“They come and eat the seed.”  Charity echoes, smiling.

“It is beautiful”, I say, “I know just the place to hang it.”  We go to the patio, hang the bird feeder, and then, come back inside to watch and wait, but no birds come.

“They’ll come”, Elijah and Charity assure me.  Nevertheless, the birds did not come and Elijah and Charity went home.

A few days later, Kit, my cat, starts jumping, running, and acting real crazy.  She sits at the patio door, swinging her tail back and forth, faster and faster her tail goes back and forth.  She’s trying to get my attention so I will let her outside.  I open the blinds and see there is a bunch of little visitors in my backyard:  birds perch on the bird feeder on the little stick that sticks out from the side.  Birds are walking on the ground, pecking at the seed their friends up above drop on the ground from the pretty bird feeder Elijah and Charity made for me.

I immediately call Elijah and Charity on the telephone to tell them about the little visitors.  They are not home.  I leave a message.  Here is what I say:

“That beautiful bird feeder you gave me for my birthday is bringing joy. There are lots of birds in my backyard where before there was none.  The birds are eating the seed. I keep filling it up with more and more seed because they are very, very, hungry.  Need to go now–just want you to know–love you.

Oh yeah, Kit likes it too. She likes it so much. She jumps, runs, and acts real crazy.  She wants to go outside with the birds.  She wants to catch them, but they fly away when they see she is coming out.  Love you–Bye.”

No Where to Run

Posted on December 4, 2006

By Trudy A. Martinez

Reassuringly, little voices whisper dramatically, “It’s okay, Kit, we’re not going to hurt you.”

Kit, my flame point white Siamese cat, is asleep when the two young children surround her with the intent of making friends.  Normally, she runs at the sight of them.  Now she is unknowingly in a corner surrounded by them with nowhere to run.

When the words, “It’s Okay — we’re not going to hurt you.” are repeated in unison, Kit’s eyes open.  Obviously, she is not sure what to make of them:  Her ears move from their normal stance, when their hands reach out for her, to a stress slick back position.

They pet her, gently.  Kit’s ears remain down.  “It’s okay,” they reassure her.  Their words did nothing to change her countenance.  She is stiff and looking for a way to run.

Perhaps she recalls the day before, being in the corner and her tail pulled.  The perpetrator of that incident is now gently running her hand from the top of Kit’s head slowly over her thick winter fur to the tip of her tail without tugging.  The question now is:  Is Kit going to relax and take advantage of this freely given affection?

The children continue to assure her they mean well with each movement of their hands over her body.  It is a slow process, a persuasive process, a winning process.  Kit’s ears relax, finally relinquishing their stress.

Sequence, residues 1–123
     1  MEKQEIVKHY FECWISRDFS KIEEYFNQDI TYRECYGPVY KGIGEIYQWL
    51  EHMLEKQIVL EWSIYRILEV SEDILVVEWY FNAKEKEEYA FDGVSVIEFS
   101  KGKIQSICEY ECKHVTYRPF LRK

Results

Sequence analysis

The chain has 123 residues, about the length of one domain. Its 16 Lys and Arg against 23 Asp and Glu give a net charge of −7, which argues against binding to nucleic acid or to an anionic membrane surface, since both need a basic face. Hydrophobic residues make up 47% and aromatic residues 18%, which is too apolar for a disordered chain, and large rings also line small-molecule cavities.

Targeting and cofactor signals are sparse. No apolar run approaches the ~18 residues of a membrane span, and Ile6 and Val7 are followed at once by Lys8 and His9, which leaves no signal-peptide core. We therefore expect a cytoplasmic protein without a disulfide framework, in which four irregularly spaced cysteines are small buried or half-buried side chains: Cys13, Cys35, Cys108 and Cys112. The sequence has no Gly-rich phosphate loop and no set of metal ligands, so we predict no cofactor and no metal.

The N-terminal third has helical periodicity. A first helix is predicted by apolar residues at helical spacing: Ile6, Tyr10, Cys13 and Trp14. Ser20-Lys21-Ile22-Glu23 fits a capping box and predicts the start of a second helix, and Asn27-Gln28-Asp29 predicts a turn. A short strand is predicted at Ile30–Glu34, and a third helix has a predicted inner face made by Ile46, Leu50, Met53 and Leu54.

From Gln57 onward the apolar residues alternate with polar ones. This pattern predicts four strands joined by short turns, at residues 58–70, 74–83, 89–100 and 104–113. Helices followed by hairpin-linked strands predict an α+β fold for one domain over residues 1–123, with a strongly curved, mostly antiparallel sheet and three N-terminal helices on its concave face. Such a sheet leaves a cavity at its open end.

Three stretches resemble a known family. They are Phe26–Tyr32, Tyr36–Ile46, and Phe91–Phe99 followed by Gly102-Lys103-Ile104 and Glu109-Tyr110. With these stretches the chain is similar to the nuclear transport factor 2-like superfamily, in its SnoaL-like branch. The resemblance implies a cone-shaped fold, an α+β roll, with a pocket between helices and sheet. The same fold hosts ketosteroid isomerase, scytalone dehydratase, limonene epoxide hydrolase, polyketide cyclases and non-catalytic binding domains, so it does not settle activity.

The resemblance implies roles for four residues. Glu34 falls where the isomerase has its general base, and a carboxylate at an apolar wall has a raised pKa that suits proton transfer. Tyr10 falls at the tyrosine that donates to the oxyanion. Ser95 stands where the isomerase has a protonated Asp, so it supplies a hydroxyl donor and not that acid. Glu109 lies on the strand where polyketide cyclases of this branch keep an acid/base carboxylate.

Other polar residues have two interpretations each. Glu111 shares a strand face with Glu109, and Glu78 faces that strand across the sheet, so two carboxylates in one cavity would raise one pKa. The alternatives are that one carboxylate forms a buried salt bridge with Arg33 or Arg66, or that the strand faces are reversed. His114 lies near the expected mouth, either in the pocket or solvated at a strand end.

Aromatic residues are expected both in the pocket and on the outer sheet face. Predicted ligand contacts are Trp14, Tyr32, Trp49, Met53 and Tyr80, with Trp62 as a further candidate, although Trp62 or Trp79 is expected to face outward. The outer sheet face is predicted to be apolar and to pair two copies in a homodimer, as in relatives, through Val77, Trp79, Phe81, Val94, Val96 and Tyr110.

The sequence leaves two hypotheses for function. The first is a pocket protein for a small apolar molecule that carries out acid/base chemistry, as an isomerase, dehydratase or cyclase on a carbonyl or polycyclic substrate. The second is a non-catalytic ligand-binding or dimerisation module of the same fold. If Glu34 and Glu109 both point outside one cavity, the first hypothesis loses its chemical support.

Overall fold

Smiling the children exclaim, “She likes me!  She’s purring,” They add, “She likes me.” With excitement, “She’s purr-r-ring.”

Armed with Feathers

Posted on June 19, 2006

By Trudy A. Martinez

I came up pillow in hand.  Resounding agitations arouse not only me but also my anger.  With a fury, I hurl the pillow in the direction of the origination of the noise.  Kit knows not to scratch the chair; that cat knows better. The racket her nails make, protruding inward, pulling outward, creates a reverberating, irritating, and displeasing noise. The noise awakes not only me but also a demon who seeks her out.

“It’s only 4:00 A.M…” I scream.  “Leave me alone. I want to sleep.”  And then I exclaim with dramatic emphasis, shaking a finger at her while I speak.  “Don’t you dare touch that chair again with your nails?”

Her body stretches out and moves upward while her nails position themselves in the chair ready to scratch.   When the sound of my angry voice reaches her ears, she stops. She glares at me. She tests my patience.

I stare back.  She releases her nails from the upholstery. She then slowly moves away in defeat.  “Now get out of here!” I exclaim as I hurl another pillow as she exits.

“She’ll be back.” I think. “Maybe, just maybe I can grab a few winks before then.”

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I’ll be on Top!

Posted on June 18, 2006

By Trudy A. Martinez

Half asleep my eyes open.  A rolling motion startles and awakes me.  Looking at the clock, I note the time: 4:35 A. M. (Or there about; I always set it ahead of the actual time). The room is swaying, rolling.   My imagination runs wild, thinking, imagining, wondering if the second floor will fall upon the first.  A voice inside me rings out: “Get up!  Get in a door way!”

Common sense tells me, “Stay where you are.”  I know my knees are weak and I will fall before I make it to a doorway even if I try.  If this is the big one, prayers are my only avenue of escape.  I stay put.  An eternity seems to pass.   When in actuality, only a few seconds go by.

I look around, stopping when Kit’s eyes meet mine.  Her expression says, “Why are you shaking the bed?”  Usually in the morning when I want to sleep, she wakes me.  Now this little cat is thinks, I am the perpetrator.

“I am not doing it.”  I assure her in a calming tone.

The rolling motion continues, building momentum.  My inner voice regurgitates and reasons: “You’re better off where you are.”